René Nourse, CFP®
Regardless of your age, the thought of not having to work, but still enjoying a great quality of life is probably quite appealing. Retirement sneaks up on you as each year goes by faster and faster. Recent statistics reflect that a majority of women define financial success as a financially secure retirement, yet taking the steps to properly plan overwhelms them and they end up doing nothing.
Unfortunately, most people (both men and women) aren’t adequately prepared for retirement. So when the time comes, they find themselves frustrated and unhappy with the new state of their lifestyle. That doesn’t have to be the case for you.
The key to enjoying retirement is preparation. Working with a financial planner can allow you to enjoy the process and set yourself up for success during the later years.
This is not a comprehensive list—but here are 10 good ways you can get started preparing for retirement:
If you don’t have a savings plan, start one today. You don’t have to wait until you have an extravagant amount of money – you can start with as little as $1. The sooner you start, the more time you have to increase your savings.
2. Understand Your Retirement Income Needs
Experts estimate you will need approximately 80–90% of your pre-retirement income. Make a plan beforehand so you aren’t left trying to figure it out when it’s time to retire.
3. Contribute to your 401(k) or other employer-provided retirement account
Maximize your contribution. There are many benefits to this including lower taxes, company matches, compounded returns, and tax deferrals.
4. Get information on your pension plan
Check to see if you are covered on your employers’ pension plan. Ask for a statement to see what your benefits are worth. You can also find out if you are entitled to benefits from your spouse’s pension plan as well.
5. Invest wisely
Know how your savings and pension plans are invested—learn about the options and ask questions. Diversify your portfolio to reduce risk and improve return.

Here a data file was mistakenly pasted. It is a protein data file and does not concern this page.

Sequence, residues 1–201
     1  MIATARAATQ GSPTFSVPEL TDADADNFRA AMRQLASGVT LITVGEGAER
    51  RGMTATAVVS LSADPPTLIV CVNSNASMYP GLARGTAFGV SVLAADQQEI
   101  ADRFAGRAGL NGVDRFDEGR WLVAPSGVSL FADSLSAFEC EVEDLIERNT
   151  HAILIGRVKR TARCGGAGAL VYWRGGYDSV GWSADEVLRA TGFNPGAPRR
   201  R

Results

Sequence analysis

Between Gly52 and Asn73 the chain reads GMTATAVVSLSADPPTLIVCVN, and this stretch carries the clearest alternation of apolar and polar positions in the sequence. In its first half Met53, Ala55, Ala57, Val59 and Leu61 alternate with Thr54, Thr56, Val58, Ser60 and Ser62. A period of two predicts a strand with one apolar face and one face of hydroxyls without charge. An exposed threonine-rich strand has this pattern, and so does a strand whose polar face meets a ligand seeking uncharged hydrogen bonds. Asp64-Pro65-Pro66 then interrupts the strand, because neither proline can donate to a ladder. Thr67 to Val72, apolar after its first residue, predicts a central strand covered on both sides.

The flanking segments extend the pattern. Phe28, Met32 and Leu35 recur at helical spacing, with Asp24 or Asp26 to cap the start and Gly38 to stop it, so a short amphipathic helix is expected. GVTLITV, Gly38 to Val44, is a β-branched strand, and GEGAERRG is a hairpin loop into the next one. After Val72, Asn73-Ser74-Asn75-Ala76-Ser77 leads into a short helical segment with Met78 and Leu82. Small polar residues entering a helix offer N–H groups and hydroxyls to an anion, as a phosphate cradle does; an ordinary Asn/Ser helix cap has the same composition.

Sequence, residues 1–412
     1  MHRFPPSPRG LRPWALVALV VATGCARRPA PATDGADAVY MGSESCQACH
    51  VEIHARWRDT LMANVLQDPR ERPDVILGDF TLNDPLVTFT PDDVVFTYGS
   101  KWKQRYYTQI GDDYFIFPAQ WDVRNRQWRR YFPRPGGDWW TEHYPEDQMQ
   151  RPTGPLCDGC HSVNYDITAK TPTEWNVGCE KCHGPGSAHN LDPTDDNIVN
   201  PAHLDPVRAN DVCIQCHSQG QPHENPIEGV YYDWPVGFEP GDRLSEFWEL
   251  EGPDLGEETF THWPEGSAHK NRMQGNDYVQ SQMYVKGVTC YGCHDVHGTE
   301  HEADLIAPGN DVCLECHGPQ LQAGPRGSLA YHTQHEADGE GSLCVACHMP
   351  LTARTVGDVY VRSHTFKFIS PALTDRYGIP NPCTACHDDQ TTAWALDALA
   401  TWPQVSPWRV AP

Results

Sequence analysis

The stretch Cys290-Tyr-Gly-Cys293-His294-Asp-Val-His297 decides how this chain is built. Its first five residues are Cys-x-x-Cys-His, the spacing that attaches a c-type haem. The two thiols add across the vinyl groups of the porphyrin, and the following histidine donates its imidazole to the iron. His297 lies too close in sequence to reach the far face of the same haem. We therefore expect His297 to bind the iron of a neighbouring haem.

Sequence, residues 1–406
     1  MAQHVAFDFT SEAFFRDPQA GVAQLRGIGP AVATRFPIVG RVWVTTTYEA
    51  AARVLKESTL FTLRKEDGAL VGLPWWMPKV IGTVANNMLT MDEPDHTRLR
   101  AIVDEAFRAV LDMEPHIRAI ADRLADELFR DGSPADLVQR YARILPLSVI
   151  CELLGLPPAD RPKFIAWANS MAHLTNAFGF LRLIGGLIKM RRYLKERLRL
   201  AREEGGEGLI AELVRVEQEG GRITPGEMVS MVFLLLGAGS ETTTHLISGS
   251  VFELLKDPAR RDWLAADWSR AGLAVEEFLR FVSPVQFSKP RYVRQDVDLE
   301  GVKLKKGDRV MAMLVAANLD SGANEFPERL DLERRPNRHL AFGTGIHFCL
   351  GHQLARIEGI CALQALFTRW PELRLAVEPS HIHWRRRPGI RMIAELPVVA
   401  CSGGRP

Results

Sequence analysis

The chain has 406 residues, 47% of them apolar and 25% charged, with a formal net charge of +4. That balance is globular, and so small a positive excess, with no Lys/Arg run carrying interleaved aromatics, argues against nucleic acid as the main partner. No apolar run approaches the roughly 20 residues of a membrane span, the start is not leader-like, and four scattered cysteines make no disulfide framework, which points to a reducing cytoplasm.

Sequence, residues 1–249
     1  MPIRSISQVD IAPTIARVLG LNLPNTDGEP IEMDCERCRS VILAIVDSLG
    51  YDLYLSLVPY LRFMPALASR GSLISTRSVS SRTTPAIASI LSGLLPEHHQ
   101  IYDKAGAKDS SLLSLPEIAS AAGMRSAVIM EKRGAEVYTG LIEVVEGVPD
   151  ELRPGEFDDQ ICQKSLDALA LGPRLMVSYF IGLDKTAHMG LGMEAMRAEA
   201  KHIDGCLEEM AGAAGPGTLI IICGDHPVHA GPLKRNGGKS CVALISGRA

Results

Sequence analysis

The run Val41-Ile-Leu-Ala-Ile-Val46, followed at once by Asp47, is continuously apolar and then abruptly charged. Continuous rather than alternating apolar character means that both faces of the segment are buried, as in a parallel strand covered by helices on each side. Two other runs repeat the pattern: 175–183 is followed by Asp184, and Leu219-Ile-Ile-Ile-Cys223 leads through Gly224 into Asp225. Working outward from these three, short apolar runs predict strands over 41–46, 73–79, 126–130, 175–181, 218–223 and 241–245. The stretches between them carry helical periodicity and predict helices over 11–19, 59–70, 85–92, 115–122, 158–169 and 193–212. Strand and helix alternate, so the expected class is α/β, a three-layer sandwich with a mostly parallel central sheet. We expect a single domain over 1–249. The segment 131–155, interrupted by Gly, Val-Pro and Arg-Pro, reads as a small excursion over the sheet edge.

6. Leave your retirement savings alone!
Withdrawing your retirement savings now means you lose the ability for your money to earn tax-deferred compounded returns. Keep in mind that you will owe federal and state income taxes as well as a 10% penalty if you’re younger than 59½. You could lose upwards of 50% to taxes for early withdrawals! If you are changing jobs, consider either rolling the funds into an IRA or into your new employer’s 401(k) plan.
7. Put money into IRA
You can make annual contributions of up to $5500 ($6500 if you are age 50+) into an Independent Retirement Account (IRA). Consult with a financial planner to see which type of IRA—Roth or Traditional—is right for you.
8. Research your Social Security benefits
Social Security pays benefits that are about equal to 40% of what you earn preretirement. There are a myriad of filing strategies, whether you are currently married, divorced, widowed, or never married—maximizing your social security benefit could be one of the smartest things you could do for yourself.
9. Determine a Budget
Your budget should take into consideration emergency expenses, as well as provisions for achieving personal retirement goals.
10. Work with a Financial Planner
Working with a knowledgeable financial planner will help you cover all the bases in terms of preparing for your retirement.
Retirement doesn’t have to be overwhelming or stressful. With proper planning, you can enjoy the process and look forward to the golden years!